The main idea of playing anything from the small blind is to lose less than 0.5bb. So you should be playing to take it down preflop with aggro actions, playing hands that flop nuttish hands, or folding. This is a pretty thin range. Otherwise fold.

    In your example, flop comes T62r. You’re calling a bet for sure and just digging a deeper hole for your lifetime SB EV.
  • jeffncjeffnc Red Chipper Posts: 5,007 ✭✭✭✭✭
    karbyn wrote: »
    If you never complete the small blind again, you’d never be wrong

    ??
    Maybe you're thinking something along the lines of "if you never completed the small blind again, you'd only be making a small mistake." Then again, completing the small blind with bad cards is also a small mistake by definition - it's only a dollar or two and that assumes you have zero equity, which you don't. The problem is it's a small mistake that multiplies many times in low stakes games.

    The ability to play some of the speculative hands depends in part on your ability to steal some pots, as it does with hands in other positions. It can be harder to steal from out of position, but on the other hand you do have the check-raise option, which can be strong and is not available in position.

  • karbynkarbyn Red Chipper Posts: 122 ✭✭
    jeffnc wrote: »
    karbyn wrote: »
    If you never complete the small blind again, you’d never be wrong

    ??
    Maybe you're thinking something along the lines of "if you never completed the small blind again, you'd only be making a small mistake." Then again, completing the small blind with bad cards is also a small mistake by definition - it's only a dollar or two and that assumes you have zero equity, which you don't. The problem is it's a small mistake that multiplies many times in low stakes games.

    The ability to play some of the speculative hands depends in part on your ability to steal some pots, as it does with hands in other positions. It can be harder to steal from out of position, but on the other hand you do have the check-raise option, which can be strong and is not available in position.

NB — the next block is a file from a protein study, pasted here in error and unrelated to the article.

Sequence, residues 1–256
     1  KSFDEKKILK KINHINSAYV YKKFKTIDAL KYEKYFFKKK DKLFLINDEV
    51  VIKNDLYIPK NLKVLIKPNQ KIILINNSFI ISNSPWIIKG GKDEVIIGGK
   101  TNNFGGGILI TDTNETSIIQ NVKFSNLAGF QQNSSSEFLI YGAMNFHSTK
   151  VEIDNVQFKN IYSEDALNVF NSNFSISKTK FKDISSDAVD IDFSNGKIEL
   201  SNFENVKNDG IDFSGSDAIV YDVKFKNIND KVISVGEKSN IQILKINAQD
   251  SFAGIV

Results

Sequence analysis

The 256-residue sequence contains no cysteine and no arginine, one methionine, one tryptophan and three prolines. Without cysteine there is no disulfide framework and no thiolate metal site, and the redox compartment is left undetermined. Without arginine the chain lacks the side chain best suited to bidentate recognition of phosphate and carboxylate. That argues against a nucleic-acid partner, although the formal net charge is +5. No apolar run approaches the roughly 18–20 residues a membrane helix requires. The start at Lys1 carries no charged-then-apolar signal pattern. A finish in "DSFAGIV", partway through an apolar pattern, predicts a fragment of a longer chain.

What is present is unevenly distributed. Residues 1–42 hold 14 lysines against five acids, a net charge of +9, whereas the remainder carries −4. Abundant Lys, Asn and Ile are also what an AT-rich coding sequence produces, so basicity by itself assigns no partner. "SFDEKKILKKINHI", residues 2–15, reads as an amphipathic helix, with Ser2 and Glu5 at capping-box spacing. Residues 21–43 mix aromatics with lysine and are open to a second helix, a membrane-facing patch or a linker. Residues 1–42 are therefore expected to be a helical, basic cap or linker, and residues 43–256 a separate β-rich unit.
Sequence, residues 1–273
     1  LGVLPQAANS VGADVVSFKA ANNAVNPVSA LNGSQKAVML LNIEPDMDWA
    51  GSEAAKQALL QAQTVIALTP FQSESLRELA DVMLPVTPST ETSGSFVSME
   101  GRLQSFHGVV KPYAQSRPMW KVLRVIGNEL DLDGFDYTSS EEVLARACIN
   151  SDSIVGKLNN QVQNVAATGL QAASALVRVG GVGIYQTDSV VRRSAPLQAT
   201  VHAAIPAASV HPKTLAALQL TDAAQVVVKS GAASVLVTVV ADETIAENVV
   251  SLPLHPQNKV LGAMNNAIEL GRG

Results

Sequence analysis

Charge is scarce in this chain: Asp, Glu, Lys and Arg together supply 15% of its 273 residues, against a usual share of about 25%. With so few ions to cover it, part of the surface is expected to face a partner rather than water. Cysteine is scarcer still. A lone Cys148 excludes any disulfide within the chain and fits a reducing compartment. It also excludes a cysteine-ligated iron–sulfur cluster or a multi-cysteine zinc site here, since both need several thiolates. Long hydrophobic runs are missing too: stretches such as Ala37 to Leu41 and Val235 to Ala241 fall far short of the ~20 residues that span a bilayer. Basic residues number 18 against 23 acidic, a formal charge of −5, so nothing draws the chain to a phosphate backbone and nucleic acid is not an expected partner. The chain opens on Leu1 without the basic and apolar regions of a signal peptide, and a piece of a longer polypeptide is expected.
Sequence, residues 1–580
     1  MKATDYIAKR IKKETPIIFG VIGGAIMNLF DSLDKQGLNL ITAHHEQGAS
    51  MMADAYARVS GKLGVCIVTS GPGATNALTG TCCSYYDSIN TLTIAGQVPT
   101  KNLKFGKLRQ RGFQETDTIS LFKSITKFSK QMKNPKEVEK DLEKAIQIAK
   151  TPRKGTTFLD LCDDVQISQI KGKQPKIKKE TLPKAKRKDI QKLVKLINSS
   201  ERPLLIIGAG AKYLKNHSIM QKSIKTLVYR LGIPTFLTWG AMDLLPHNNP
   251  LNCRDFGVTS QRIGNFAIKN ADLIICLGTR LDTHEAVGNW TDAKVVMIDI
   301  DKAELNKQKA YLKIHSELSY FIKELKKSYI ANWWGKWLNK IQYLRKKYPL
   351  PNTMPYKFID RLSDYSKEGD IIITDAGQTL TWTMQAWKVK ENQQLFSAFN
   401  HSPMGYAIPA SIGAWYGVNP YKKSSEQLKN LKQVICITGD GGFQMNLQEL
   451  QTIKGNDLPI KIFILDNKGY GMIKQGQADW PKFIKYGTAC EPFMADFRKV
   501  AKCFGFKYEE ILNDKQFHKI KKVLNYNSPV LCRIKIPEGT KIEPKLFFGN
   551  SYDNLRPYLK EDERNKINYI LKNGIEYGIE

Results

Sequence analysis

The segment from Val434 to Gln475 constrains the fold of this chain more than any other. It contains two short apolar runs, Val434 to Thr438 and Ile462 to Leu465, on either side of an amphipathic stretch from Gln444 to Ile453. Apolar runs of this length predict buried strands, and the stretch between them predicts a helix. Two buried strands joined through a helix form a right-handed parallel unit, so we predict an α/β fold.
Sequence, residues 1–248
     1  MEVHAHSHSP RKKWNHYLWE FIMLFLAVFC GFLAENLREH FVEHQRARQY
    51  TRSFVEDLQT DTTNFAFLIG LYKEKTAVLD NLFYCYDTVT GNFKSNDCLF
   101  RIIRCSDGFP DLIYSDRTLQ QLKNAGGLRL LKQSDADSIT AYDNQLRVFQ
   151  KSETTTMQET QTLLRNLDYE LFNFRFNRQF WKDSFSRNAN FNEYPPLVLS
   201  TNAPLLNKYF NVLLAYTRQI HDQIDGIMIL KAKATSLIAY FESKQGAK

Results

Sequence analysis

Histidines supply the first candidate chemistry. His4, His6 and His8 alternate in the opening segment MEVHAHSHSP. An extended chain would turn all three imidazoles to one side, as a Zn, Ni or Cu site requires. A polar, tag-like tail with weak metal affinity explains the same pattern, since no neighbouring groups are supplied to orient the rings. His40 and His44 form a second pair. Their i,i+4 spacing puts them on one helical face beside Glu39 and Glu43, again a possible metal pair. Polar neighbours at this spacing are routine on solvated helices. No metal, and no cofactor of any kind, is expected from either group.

It's not a small mistake. Sure if it only cost you $1 to see the flop, and that can be seen in a vacuum as a small mistake. But if you flop something, like above T9o on T43r or K86r, it's going to cost you more. The discipline to actually fold there is rare, and by that point the odds often don't support it. Playing OOP is the #1 mistake players make IMO.

    To expand: If one gets out of the mindset of simply completing the SB (or even calling a raise from the SB/BB when it's already multi-way) with a marginal hand (or worse!) to try and flop a big hand, your EV from the blinds will improve significantly. There are many reasons for this, and there are lots of material already out there explaining why.

    There are, ofc, always exceptions that one could argue:
    - SB vs BB in tournies is the most common.
    - UTG raise, several callers, you hold 66, and the BB is a total nit and very rarely raises, so you have "odds to set mine". But realizing your equity in thee situations is often very tough. Not very often will you fully realize ~20x the raise for you to be +EV

    But regardless, my mantra still holds true. If you never complete the SB again, you'd never be wrong.

  • LeChiffreLeChiffre NetherlandsRed Chipper Posts: 657 ✭✭✭
    karbyn wrote: »
    If you never complete the SB again, you'd never be wrong.

    This seems silly. If there's a +EV SB completion spot and raising is not an option, it would be wrong to not complete.
  • persuadeopersuadeo Red Chipper Posts: 4,367 ✭✭✭✭✭
    @karbyn hits upon the EV incentive pretty well.

    There's a little more to it, specifically the problems having a "raise only" strategy creates, that make this coach's statement not wrong, but dubious. Step away from the example hand, where there are limps ahead, but to an unopened pot. Now, we can theorize a reason to limp and realize equity without being three bet, and indeed, there are some solver solutions which find completions from the SB.